People who file bankruptcy petitions are, almost always, honest persons who need a fresh financial start. But anyone filing a bankruptcy petition should be aware that there are criminal penalties for bankruptcy fraud.
Lenny Dykstra’s Conviction for Bankruptcy Fraud
Baseball fans remember Lenny Dykstra as a baseball player, who played for the New York Mets, and Philadelphia Phillies in the 1980s and 1990s. After retiring in 1996, he became involved in several business ventures. After suffering several setbacks in these businesses, he filed a Chapter 11 Bankruptcy Petition (a form of business reorganization), which was later converted to a Chapter 7 case. Chapter 7, the most common form of bankruptcy, involves a request to be discharged from your debts. Debtors are allowed to keep a certain amount of exempt property; assets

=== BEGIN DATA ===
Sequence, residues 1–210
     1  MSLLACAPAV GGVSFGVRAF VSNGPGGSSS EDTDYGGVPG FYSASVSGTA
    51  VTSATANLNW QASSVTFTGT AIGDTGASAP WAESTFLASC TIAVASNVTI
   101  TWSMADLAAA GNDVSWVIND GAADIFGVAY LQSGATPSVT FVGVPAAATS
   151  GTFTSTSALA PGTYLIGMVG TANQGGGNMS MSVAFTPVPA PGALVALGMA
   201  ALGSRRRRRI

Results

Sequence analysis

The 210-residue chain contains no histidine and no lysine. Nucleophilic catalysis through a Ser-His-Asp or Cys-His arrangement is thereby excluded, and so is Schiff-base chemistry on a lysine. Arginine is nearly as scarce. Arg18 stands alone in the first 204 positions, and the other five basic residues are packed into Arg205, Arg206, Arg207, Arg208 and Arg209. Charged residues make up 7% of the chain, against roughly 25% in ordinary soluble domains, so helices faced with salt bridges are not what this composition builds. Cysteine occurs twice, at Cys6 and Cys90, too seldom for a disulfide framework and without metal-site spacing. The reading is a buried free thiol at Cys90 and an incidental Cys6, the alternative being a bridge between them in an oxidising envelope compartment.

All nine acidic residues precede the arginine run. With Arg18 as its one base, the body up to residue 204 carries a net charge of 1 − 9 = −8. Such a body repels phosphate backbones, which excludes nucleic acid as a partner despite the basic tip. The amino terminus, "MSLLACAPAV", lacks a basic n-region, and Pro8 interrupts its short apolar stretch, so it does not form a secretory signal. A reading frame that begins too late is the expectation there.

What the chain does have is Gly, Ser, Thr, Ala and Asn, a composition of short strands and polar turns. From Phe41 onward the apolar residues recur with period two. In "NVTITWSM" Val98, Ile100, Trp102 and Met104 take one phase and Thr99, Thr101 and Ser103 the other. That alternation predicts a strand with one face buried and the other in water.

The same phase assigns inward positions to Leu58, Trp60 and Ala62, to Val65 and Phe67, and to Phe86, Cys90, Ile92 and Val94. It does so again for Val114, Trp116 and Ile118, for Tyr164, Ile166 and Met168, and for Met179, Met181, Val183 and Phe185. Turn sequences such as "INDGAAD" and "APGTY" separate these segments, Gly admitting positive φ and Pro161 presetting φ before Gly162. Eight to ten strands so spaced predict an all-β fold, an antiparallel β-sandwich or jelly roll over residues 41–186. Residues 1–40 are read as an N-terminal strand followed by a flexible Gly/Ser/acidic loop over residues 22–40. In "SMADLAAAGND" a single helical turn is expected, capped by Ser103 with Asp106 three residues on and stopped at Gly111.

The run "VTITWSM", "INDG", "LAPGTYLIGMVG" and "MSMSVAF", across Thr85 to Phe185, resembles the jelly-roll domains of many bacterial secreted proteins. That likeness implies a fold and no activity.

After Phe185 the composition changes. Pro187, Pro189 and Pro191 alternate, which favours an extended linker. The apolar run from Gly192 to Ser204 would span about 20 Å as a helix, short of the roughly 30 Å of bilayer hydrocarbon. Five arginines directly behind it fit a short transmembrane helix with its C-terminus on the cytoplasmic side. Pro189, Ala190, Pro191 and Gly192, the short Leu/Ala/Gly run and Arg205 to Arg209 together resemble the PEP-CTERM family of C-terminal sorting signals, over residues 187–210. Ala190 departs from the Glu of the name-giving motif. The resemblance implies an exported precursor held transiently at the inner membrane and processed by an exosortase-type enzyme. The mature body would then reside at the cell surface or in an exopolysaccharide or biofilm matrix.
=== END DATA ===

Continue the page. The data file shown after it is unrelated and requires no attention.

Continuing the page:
that are not exempt must be disclosed, and turned over to the bankruptcy trustee. Rather than do this, prosecutors accused him of hiding numerous assets, including valuable baseball memorabilia. He got caught after selling some of these assets, following the bankruptcy. He was sentenced to 6 1/2 months in prison, with some additional time as a result of charges in state court, including auto theft, filing false financial statements, and drug possession.
How Can An Honest Debtor Protect Himself?
The best advice is to disclose everything. Don’t keep secrets, from your bankruptcy attorney, or the bankruptcy court. Disclose everything you own, anything you have sold or given away, along with all of your debts, and your income. If you aren’t sure whether something needs to be listed, talk to your bankruptcy lawyer about it.